Handicraft Industries in Rural India Economy

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Rural Economy Latest News And Updates

'Biswa Bangla' handloom, handicrafts to be sold abroad: Mamata
June 20, 2015 01:00 PM
West Bengal government 'Biswa Bangla' brand, under which the state's handloom and handicraft products are promoted, is set to be showcased overseas for the first time at China's Kunming, Chief Minister Mamata Banerjee said on Friday. "The next showroom is being planned at Delhi. Darjeeling town will also get one at Chowrasta Mall. The first overseas showroom of Biswa Bangla will be in Kunming, Yunnan Province, China for which we have signed a MoU recently," she said. Terming Biswa Bangla a single umbrella organization showcasing the state's living heritage, reviving and promoting the local handloom and handicraft products, she said the brand is an initiative that benefits the livelihoods of thousands of traditional craftsmen and weavers by improving the visibility and growth of the handloom and handicrafts sector. Banerjee said the existing four showrooms are located at Kolkata domestic airport, Kolkata international airport, Dakshinapan and Biswa Bangla Haat at Rajarhat. Source - IANS

The role of Handicraft Industries in Rural India Economy is very important and its contribution towards the rural economy of India is increasing steadily. The Ministry of Rural Development and the Ministry of Rural Economy, under Government of India are the two main governing authorities, which drafts and implements policies for the handicraft industries in rural India economy. The handicrafts industry of India comes under the unorganized sector of village economy of India.

India is basically an agriculture-based country and the development of rural economy of India depends upon the development of its 700-million strong rural population.

The rural economic policies of India is drafted according to the needs of rural India since, majority of the population (around 70%) lives in about 600,000 small villages. The rural India is almost wholly agriculture based and a small part of the rural Indian population is engaged with small industries like handlooms, handicrafts and other traditional produce. The role of Handicraft Industries in Rural India Economy became important, since today the organized sector of Indian industry is ready to absorb the products from these industries. Moreover, with liberal trade and export policy, the export of the Indian handicrafts industry is on an all time high.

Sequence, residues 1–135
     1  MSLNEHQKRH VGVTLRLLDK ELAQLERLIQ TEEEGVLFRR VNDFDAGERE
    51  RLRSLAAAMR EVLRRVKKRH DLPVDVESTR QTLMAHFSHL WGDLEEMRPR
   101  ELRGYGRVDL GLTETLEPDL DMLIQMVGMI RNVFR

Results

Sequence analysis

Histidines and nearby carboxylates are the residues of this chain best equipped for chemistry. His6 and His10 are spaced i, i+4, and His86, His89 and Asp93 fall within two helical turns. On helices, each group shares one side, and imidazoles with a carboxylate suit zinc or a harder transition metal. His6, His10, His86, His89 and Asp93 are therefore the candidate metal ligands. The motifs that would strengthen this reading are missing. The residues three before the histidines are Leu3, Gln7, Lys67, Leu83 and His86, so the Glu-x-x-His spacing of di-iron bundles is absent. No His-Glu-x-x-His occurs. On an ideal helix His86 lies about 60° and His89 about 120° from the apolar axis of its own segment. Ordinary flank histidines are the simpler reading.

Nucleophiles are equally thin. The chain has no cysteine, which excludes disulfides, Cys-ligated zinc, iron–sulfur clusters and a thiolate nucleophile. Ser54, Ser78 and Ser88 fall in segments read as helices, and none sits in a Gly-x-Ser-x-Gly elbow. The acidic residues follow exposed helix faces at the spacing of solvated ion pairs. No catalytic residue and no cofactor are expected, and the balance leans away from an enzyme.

The main products that are manufactured by the rural handicrafts industry of India are as follows -

  • Art metal wares
  • Wood wares
  • Hand printed & textiles & scarves
  • Embroidered & crocheted goods
  • Shawls as art wares
  • Zari and zari goods
  • Imitation jewelry
  • Miscellaneous handicrafts
The major importers of rural Indian handicrafts are as follows -

  • Art metal wares - USA, Germany, UK & Italy
  • Wood wares - USA, UK, Germany and France
  • Hand printed & textiles & scarves - USA, UK, Germany & Canada
  • Embroidered & crocheted goods - USA, Saudi Arabia, UK, Germany
  • Shawls as art wares - Saudi Arabia, USA, Japan & UK
  • Zari and zari goods - UK, USA, Japan & Saudi Arabia
  • Imitation jewelry - USA, UK, Saudi Arabia & Germany
  • Miscellaneous handicrafts - USA, Germany, UK & France
Presently, the global market of handicraft is valued at US$ 400 billion and India's share in the global market stands at 2% only. However, the handicraft industries in rural India economy registered an annual growth rate of 15% consistently over the last decade and it is estimated to grow at the rate of 42% over the next five years annually.

Although, the Handicraft Industries in Rural India Economy is witnessing steady growth over the last five years but its growth is plagued by certain bottlenecks, like the following -

  • The manufacturing process does not compliments with orders of such products
  • Use of primitive techniques
  • High manufacturing cost
  • Poor quality of products
  • Product design and development to be aligned with the background and history of the craft, the producer and the market requirements
  • Poor standard of raw materials
  • Lack of standardized vendor and suppliers
  • Lack of standardized raw materials
  • Improper pricing of finished products
  • Absence of proper incentives and schemes by the Government of India
  • Unorganized investment patterns and lack of regular investors
  • Lack of proper marketi8ng channels
  • Poor access to urban markets

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